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BlastOButter42

LIRR DM30AC dual-mode operation and diesel-to-electric switchover

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Hi folks,

Hoping anyone who knows a bit about DM30AC operations on the LIRR could provide some information on the changeover from electric to diesel power and vice-versa. When/where does the changeover generally occur? Do they operate in electric mode only in and around the East River tunnels and switch to diesel as soon as possible eastbound/as late as possible westbound? Or do they operate in electric mode as much as possible where electrification is present? Also, does the changeover occur at line speed or only while stopped?

Asking in part because I know Metro North and Amtrak's P32AC-DMs operate in electric mode as little as possible -- even though (in the case of MNR) electrification extends all the way to Croton-Harmon and Southeast on the Hudson and Harlem lines, a northbound train will switch to diesel before hitting the Bronx. At least one unofficial source I found attributed this to operational restrictions due to the need to draw power for the entire train from low-voltage third rail from one locomotive, with the resulting high current causing lots of arcing and possible damage. Consistent with this is the fact that NJT's ALP-45DPs operate in electric mode from 25 kV AC catenary and don't have this restriction. So I'm wondering if it also applies to the DM30ACs.

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Yep what @trainfan22 said is correct. 

The diesels don't get there maximum power running in electric mode. The reason why when heading to the city the switch is done right before Jamaica, is so that if there's problems the train can be canceled at Jamaica. Heading east bound, the switch happens as soon as possible, and the Harold interlocking in between the East River Tunnels and Woodside station is the perfect location since a full 12 car set with two engines can be completely out of the tunnel. 

The changeover happens while in motion. I've never personally seen it happen, but I guess the diesel engine shuts off pretty fast. 

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I imagine the DMs fail because they are trying to draw current for the traction motor and generate the HEP for the entire train through two contact shoes?

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17 minutes ago, Jsunflyguy said:

I imagine the DMs fail because they are trying to draw current for the traction motor and generate the HEP for the entire train through two contact shoes?

No, they are designed to do that. The DMs fail because EMD hasn't built a decent passenger locomotive since GM sold it to the banks.

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18 hours ago, Fan Railer said:

No, they are designed to do that. The DMs fail because EMD hasn't built a decent passenger locomotive since GM sold it to the banks.

in 1998 EMD was GM owned

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The dumdums suck because the LIRR basically designed them. The railroad, making some trumped up excuse about exceptional conditions on its system, elected to build a clean sheet dual mode design when they could have just suited the gennies to their need. Of course, they did this while woefully underestimating the size of diesel territory demand, so what we have today is a puny fleet of weak (3000hp before HEP draw), HEP-impotent (only 6 cars/locomotive) and unreliable (MDBF on the order of 10k) locomotives. Three cheers for bureaucratic chauvinism!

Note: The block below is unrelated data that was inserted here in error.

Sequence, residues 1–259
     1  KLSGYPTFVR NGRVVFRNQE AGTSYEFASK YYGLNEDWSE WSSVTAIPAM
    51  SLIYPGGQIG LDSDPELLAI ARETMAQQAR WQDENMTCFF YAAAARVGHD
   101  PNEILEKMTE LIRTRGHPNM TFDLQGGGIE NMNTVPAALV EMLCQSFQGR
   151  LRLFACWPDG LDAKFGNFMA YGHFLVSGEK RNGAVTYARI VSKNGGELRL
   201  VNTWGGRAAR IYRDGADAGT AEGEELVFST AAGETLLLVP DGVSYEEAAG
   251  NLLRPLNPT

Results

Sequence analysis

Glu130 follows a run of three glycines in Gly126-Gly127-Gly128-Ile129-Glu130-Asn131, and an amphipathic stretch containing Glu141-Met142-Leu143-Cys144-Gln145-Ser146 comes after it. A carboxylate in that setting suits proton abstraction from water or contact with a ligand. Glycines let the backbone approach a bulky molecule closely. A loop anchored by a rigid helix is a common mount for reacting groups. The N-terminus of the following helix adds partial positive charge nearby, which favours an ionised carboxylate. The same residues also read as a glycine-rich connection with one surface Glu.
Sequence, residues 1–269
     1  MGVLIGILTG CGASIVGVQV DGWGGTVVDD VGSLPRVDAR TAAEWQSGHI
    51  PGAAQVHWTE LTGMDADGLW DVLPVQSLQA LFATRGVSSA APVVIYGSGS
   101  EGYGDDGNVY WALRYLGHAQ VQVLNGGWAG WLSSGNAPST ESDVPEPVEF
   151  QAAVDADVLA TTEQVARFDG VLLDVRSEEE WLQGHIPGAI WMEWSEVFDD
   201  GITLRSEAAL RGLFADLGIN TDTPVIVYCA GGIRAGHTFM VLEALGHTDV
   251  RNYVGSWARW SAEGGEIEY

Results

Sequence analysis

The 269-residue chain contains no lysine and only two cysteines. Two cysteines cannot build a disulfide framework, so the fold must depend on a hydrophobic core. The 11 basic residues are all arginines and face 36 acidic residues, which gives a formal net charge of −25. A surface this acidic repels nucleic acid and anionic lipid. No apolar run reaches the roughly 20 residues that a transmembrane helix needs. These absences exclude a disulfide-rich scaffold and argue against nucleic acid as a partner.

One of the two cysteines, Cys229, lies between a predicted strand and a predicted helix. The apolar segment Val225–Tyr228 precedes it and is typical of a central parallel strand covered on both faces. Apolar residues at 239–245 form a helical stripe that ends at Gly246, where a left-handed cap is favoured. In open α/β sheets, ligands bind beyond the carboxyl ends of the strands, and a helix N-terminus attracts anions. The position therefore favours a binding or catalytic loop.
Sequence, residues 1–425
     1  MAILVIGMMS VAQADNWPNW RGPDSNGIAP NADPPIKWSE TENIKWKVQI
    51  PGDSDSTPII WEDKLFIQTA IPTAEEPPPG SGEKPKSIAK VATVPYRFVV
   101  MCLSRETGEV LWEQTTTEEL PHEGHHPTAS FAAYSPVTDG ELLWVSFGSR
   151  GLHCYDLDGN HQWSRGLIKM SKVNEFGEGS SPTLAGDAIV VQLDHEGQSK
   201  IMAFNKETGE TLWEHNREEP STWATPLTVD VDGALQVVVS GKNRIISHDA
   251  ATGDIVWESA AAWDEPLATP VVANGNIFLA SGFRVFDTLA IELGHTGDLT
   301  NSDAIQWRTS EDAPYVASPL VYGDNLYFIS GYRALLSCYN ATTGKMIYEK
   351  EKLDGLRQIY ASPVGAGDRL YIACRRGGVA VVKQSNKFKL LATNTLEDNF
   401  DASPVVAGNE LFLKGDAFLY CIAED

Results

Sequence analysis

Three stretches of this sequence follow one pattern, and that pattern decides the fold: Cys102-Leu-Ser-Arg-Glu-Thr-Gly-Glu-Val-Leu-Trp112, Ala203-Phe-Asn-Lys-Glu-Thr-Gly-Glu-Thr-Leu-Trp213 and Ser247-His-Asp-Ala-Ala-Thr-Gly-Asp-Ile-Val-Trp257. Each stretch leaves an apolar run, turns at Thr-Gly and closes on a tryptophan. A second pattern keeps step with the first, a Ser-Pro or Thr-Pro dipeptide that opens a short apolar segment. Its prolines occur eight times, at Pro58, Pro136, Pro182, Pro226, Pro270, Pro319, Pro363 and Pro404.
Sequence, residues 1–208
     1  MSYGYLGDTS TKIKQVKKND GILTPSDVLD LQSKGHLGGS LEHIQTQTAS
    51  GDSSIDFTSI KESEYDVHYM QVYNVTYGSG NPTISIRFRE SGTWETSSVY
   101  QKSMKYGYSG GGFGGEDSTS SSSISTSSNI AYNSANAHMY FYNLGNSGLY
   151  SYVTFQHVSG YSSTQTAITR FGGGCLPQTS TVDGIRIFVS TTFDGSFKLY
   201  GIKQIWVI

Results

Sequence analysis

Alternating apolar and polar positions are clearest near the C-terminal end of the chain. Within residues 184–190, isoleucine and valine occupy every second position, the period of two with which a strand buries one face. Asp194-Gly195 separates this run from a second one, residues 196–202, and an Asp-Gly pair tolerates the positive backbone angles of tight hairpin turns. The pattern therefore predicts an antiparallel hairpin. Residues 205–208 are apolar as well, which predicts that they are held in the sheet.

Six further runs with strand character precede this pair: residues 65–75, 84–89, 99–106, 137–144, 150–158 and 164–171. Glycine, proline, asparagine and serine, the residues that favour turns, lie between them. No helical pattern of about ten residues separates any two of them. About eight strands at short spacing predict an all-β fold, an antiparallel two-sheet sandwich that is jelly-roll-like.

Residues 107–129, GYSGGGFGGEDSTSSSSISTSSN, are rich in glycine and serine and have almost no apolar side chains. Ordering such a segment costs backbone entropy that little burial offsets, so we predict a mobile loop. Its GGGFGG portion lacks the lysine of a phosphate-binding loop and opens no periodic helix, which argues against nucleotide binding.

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15 hours ago, RR503 said:

The dumdums suck because the LIRR basically designed them. The railroad, making some trumped up excuse about exceptional conditions on its system, elected to build a clean sheet dual mode design when they could have just suited the gennies to their need. Of course, they did this while woefully underestimating the size of diesel territory demand, so what we have today is a puny fleet of weak (3000hp before HEP draw), HEP-impotent (only 6 cars/locomotive) and unreliable (MDBF on the order of 10k) locomotives. Three cheers for bureaucratic chauvinism!  

To add onto this, I remember reading from The LIRR Today that the MTA is looking to procure a replacement fleet of exactly the same size.

So they could give less of a shit about running the actual service specified by their own guidelines. (E.g., Stony Brook theoretically should see half hourly trains off peak)

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2 hours ago, bobtehpanda said:

To add onto this, I remember reading from The LIRR Today that the MTA is looking to procure a replacement fleet of exactly the same size.

So they could give less of a shit about running the actual service specified by their own guidelines. (E.g., Stony Brook theoretically should see half hourly trains off peak)

Yup! As usual, the railroad is unable to recognize its mistakes...

The way they get away with a lot of the diesel territory short-changing is through classifying those areas as non-commuter territory, which basically voids all guidelines. Not sure if this is the case on the PJ, but I know Greenport and Montauk beyond Patchogue face that issue. 

Long term, what needs to be done is electrification of the South Shore to Speonk and the PJ to the end of the line. The amount of money and equipment wasted on the Patchogue scoot is...troubling, and as you say, the PJ is an embarrassment. 

Edit: here are the guidelines

http://web.mta.info/mta/compliance/pdf/Title-VI-Railroad-Policies.pdf

Edited by RR503
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